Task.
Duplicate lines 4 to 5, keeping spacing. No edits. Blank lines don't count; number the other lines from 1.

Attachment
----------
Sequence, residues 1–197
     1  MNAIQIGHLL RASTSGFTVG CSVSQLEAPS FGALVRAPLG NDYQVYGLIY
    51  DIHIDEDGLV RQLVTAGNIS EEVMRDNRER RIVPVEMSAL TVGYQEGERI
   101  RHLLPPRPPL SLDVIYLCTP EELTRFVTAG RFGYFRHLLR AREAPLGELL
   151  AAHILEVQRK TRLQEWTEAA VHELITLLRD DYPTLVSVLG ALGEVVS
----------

   101  RHLLPPRPPL SLDVIYLCTP EELTRFVTAG RFGYFRHLLR AREAPLGELL
   151  AAHILEVQRK TRLQEWTEAA VHELITLLRD DYPTLVSVLG ALGEVVS